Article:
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Re: [PATCH] Use uname not sysctl to get the kernel revision
- From: ebiederm at xmission dot com (Eric W. Biederman)
- To: Ulrich Drepper <drepper at redhat dot com>
- Cc: Arjan van de Ven <arjan at infradead dot org>, "Randy.Dunlap" <rdunlap at xenotime dot net>, akpm at osdl dot org, linux-kernel at vger dot kernel dot org, libc-alpha at sourceware dot org, Andi Kleen <ak at suse dot de>
- Date: Wed, 12 Jul 2006 11:42:47 -0600
- Subject: Re: [PATCH] Use uname not sysctl to get the kernel revision
- References: <firstname.lastname@example.org> <email@example.com> <firstname.lastname@example.org> <email@example.com> <firstname.lastname@example.org> <44B5283E.email@example.com>
Ulrich Drepper <firstname.lastname@example.org> writes:
> Eric W. Biederman wrote:
>> But uname is noticeably faster than sysctl and uname is more portable
>> across linux flavors. So updating the glibc pthread code to use
>> uname looks like the right way to implement is_smp_system.
> This is (was?) not the universal through. We used uname at some point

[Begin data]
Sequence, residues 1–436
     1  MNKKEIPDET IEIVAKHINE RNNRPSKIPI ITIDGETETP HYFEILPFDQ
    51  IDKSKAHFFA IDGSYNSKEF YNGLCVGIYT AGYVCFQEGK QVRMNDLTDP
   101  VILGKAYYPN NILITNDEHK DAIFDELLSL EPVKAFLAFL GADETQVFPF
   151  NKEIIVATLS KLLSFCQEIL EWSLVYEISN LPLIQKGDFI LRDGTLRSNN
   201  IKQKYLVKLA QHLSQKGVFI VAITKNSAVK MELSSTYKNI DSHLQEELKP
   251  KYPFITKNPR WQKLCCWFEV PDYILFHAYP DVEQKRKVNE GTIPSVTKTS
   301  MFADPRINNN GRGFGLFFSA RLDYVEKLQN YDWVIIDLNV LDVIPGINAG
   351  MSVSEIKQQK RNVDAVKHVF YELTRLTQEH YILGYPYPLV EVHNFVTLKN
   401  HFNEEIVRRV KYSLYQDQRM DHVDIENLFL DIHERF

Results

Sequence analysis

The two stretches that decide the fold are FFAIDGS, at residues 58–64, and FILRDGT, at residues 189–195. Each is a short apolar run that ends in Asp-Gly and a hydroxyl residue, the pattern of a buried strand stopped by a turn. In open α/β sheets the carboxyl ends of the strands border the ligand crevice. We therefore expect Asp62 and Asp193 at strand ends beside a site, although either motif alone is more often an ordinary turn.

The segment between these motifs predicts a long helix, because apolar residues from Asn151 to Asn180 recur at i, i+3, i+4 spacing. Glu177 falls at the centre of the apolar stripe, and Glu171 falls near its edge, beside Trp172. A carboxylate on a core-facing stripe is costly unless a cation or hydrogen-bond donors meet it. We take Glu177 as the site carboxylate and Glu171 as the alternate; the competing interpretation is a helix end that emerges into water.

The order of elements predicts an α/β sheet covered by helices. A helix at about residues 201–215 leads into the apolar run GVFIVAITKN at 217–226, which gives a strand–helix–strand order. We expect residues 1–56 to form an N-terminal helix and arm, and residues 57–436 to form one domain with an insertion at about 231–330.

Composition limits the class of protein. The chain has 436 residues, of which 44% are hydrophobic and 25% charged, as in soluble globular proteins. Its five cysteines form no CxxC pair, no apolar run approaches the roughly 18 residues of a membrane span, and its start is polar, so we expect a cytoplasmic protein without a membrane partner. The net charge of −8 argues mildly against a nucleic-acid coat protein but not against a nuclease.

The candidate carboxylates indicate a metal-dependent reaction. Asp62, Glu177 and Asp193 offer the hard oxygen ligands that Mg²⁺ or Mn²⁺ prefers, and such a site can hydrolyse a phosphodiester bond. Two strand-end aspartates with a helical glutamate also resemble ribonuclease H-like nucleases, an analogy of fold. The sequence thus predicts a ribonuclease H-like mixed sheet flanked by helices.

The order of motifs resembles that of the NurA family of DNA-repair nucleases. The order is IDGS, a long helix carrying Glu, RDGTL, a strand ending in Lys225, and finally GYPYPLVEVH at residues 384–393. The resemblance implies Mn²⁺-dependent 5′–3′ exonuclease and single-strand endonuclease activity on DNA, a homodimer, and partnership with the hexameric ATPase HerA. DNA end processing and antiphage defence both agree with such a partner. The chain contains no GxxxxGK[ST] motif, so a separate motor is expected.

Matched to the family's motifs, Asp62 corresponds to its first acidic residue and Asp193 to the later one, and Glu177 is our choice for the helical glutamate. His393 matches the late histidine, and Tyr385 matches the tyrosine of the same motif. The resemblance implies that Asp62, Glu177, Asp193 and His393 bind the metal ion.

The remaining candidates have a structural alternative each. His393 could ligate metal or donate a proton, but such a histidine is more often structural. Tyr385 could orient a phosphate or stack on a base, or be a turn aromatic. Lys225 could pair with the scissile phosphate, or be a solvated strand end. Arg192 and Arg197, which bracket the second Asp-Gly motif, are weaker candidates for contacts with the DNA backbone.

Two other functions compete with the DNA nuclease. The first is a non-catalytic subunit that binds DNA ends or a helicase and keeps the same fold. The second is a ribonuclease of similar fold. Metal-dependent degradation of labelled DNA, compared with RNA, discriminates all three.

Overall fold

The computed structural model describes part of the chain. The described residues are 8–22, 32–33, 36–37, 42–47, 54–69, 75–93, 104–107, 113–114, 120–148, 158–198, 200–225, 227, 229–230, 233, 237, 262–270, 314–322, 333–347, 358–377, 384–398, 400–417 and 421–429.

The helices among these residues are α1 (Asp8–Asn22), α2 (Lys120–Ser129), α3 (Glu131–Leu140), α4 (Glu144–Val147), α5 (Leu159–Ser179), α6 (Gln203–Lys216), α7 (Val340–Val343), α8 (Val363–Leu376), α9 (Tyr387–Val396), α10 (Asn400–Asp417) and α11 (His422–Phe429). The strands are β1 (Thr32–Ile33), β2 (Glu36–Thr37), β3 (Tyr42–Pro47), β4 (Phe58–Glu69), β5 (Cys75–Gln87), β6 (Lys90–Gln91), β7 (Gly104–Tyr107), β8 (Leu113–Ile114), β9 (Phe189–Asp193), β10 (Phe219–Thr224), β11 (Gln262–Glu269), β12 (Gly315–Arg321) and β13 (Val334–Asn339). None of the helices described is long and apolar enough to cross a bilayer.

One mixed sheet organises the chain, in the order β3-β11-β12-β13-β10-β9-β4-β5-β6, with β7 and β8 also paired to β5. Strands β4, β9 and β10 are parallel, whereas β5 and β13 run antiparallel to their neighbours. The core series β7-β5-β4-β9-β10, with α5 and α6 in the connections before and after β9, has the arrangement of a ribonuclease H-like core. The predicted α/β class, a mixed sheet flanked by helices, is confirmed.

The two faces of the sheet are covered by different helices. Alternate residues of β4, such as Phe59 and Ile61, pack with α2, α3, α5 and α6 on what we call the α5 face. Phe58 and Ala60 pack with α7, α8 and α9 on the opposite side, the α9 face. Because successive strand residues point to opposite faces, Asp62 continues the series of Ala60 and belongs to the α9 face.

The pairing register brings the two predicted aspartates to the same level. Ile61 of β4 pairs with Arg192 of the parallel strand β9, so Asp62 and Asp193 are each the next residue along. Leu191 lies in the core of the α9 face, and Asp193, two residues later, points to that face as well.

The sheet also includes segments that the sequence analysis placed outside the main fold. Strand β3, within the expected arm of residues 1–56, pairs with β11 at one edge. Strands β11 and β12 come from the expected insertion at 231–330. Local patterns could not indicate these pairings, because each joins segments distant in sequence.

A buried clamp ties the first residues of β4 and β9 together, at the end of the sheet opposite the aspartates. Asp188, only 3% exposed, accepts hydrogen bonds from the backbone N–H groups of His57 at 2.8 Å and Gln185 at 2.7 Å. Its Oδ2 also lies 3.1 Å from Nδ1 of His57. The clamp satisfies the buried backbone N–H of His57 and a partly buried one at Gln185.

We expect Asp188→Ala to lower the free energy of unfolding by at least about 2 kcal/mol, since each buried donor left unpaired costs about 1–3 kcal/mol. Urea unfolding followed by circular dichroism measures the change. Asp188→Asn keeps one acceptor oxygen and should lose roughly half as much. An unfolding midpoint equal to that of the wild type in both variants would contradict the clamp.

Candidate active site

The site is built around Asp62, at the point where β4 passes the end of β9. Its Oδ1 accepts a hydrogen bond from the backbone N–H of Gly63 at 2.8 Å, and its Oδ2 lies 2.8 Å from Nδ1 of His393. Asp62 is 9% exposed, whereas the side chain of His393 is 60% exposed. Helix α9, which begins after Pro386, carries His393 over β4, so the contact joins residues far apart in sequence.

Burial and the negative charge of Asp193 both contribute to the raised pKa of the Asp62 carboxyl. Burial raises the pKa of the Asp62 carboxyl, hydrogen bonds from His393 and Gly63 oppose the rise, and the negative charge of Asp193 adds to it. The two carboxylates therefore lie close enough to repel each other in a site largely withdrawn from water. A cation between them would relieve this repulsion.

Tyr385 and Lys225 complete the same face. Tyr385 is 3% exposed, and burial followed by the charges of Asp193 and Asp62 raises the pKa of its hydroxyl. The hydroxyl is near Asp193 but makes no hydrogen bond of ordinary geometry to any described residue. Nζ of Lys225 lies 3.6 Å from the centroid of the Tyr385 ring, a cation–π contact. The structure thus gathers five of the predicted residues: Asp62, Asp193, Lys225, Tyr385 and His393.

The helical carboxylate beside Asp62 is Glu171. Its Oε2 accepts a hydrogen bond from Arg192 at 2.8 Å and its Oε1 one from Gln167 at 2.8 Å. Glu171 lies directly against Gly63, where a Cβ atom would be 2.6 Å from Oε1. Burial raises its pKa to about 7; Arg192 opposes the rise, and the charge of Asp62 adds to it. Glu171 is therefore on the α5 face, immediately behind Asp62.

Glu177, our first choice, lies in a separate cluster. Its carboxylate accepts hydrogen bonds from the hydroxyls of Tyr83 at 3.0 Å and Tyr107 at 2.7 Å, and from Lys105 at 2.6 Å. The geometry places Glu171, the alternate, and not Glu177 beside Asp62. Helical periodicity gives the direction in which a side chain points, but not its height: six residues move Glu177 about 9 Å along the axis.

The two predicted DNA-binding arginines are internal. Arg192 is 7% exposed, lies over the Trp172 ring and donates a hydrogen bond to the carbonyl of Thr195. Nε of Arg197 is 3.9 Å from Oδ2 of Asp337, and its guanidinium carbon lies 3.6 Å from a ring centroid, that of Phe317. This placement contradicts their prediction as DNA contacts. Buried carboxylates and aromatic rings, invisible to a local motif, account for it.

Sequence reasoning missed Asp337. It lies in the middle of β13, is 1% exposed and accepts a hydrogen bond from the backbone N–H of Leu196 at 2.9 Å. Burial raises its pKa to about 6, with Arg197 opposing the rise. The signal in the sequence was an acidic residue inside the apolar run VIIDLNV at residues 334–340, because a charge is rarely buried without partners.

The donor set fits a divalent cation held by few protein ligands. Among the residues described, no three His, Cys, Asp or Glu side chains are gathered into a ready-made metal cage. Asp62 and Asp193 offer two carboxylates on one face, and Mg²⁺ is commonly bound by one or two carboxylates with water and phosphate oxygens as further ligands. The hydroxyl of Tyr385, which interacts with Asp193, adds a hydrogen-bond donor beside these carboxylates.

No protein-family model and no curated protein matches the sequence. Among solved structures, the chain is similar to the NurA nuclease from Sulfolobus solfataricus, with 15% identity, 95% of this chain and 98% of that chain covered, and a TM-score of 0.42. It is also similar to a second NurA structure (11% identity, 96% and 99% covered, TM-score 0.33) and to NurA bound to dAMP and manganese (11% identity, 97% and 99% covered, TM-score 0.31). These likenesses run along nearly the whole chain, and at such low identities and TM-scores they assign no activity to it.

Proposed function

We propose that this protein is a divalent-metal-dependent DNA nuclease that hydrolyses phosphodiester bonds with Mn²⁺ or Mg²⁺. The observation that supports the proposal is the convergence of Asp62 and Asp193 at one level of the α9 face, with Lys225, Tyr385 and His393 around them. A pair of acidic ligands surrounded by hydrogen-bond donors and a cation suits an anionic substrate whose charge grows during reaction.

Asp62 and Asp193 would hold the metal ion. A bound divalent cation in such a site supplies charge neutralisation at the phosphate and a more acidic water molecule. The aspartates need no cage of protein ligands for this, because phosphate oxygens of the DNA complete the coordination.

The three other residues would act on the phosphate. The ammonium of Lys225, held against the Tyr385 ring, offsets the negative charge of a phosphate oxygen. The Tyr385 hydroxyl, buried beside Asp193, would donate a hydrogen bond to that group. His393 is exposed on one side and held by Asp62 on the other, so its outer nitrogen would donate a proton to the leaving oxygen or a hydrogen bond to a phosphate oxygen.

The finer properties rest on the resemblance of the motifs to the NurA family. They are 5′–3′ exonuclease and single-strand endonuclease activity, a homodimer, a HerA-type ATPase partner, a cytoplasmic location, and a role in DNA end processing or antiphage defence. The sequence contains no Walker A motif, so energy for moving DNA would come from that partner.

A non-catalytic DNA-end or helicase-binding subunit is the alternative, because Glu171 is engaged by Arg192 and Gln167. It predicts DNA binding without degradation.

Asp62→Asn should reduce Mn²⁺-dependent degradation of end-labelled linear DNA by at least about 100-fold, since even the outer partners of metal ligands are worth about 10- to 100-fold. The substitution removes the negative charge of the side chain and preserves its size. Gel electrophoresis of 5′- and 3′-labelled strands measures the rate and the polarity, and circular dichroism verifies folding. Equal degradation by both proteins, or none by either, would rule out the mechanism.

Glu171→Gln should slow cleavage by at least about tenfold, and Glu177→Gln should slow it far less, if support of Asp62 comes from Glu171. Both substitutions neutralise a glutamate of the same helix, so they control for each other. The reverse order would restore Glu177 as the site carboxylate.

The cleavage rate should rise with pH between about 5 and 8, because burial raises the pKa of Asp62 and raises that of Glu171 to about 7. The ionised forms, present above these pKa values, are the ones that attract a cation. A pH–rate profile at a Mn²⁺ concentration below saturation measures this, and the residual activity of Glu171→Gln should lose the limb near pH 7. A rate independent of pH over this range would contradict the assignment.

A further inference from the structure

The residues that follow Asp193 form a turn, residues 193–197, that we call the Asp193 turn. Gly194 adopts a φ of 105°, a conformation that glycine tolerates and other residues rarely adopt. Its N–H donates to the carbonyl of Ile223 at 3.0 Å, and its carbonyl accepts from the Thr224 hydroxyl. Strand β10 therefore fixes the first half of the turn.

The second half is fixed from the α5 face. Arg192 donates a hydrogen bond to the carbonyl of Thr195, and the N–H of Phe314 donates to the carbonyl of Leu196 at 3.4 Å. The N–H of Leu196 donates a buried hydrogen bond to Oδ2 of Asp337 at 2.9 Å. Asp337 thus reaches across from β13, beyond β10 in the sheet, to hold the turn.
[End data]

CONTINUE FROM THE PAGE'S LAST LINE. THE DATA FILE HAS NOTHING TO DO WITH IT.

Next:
> but then I did some profiling and sysctl turned out to be faster.
I track the code bask as far as I could and back to about 2000 in
pthread.c when the code was introduced it always used sys_sysctl.
> If the reverse is true now I can certainly look into changing this but
> the evidence and ideally has to be there. The simplicity of the uname
> code should mean that it's faster.
The evidence and ideally what has to be there?
> In a year or two I'll remove the test anyway. By then there will likely
> not be any UP kernels on reasonable machines anymore and I can drop all
> the conditional code.
Well there are embedded targets but I guess uclibc takes care of them.
Unless a darn good reason for keeping it is found, sys_sysctl won't be
in the kernel several months from now. And uname is faster by a large
margin than /proc.
Right now because there has been a deprecated note in
"include/linux/sysctl.h" since 2003 people currently feel fine with
letting sys_sysctl code bit rot. I am trying to resolve that
situation most likely by just updating the few stray pieces of user
space that care and then cutting out that chunk of kernel code.